London — Shell on Tuesday joined calls by the oil and natural gas industry for the UK to avoid a "no-deal" Brexit, with Shell country head Sinead Lynch warning that added costs in the form of barriers to trade and movement of talent would be "completely the wrong direction" to go in.
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Industry group Oil & Gas UK warned Tuesday that uncertainty surrounding UK withdrawal from the EU, due on March 29, 2019, risked damaging confidence and impeding the industry's recovery.
Lynch, speaking at a gathering in London, voiced confidence in Shell's "revitalized" UK strategy, highlighting a series of investment decisions it has made this year, and saying Brexit was not an "existential threat" for the company. But she acknowledged concerns.
For Shell "there's no existential threat around Brexit. There is however aggregation of additional costs, administration, complexity, which is completely the wrong direction when you think about what we are trying to do in the industry," Lynch said, referring to successful cost-cutting efforts to make the North Sea competitive.
"We are very much in favor of a deal that provides frictionless trade, movement of talents, continued access in whatever form people judge appropriate to the internal energy market, and indeed membership of, or continuation, a linkage, to the EU Emissions Trading System."
In its annual economic report Oil & Gas UK said there were opportunities and risks attached to Brexit, saying a deal that provided minimal tariffs, but freedom for the UK to negotiate trade deals, could bring GBP100 million/year ($130 million) in cost savings, but reversion to World Trade Organization rules could add GBP 500million of trading costs annually.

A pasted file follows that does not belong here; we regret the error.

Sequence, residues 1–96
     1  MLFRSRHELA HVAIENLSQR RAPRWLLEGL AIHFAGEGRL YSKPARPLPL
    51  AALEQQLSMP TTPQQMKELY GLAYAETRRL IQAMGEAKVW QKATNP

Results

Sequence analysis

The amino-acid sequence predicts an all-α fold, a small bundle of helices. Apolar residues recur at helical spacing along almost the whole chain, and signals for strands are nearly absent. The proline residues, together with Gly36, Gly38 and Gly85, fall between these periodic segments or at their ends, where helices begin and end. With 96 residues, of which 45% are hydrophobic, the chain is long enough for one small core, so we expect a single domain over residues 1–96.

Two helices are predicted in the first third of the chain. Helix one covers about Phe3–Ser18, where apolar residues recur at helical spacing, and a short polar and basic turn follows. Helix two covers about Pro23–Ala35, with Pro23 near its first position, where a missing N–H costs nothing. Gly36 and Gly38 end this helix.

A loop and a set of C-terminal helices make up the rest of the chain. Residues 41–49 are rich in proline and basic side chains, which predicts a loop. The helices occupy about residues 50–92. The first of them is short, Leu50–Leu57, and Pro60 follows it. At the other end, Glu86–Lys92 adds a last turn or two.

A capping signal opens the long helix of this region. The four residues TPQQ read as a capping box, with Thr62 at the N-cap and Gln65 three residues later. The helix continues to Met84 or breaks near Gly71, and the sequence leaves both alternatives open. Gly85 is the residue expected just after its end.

"There is concern that the current uncertainty around the UK's future trading relationship with the EU could result in a negative impact on business and investor confidence," Oil & Gas UK said.
"Additional costs such as those envisioned in a possible 'hard Brexit' scenario would be potentially detrimental to the ongoing international competitiveness of the UK continental shelf."
The group's lead business adviser, Harry Thorne, added: "We have a lot of technical expertize that comes from abroad. We have a lot of imports and support and services which comes from abroad. A no-deal Brexit could have the potential to impact the fluidity" of operations.
Lynch played down worries about a lack of future resources available for development in the North Sea, highlighting Shell's participation in a recent licensing round, and saying new technology could enable development of "stranded resources" far from existing infrastructure.
"We have got a new revitalized UK upstream growth strategy. We've done that on the back of confidence in the basin, confidence in the prospectivity... We wouldn't be there if we didn't see the prospectivity," she said.
Oil & Gas UK's economic report warned that despite a stabilization in output levels of oil and gas, drilling activity has continued to drop in the North Sea, with just four exploration wells 'spudded' in the first eight months of 2018, and drilling of development wells reduced to 41 in the first half, down from 47 in the same period last year.
Older wells were likely to be decommissioned at a greater rate than new ones are brought on stream, with knock-on effects for the drilling supply chain, it said.
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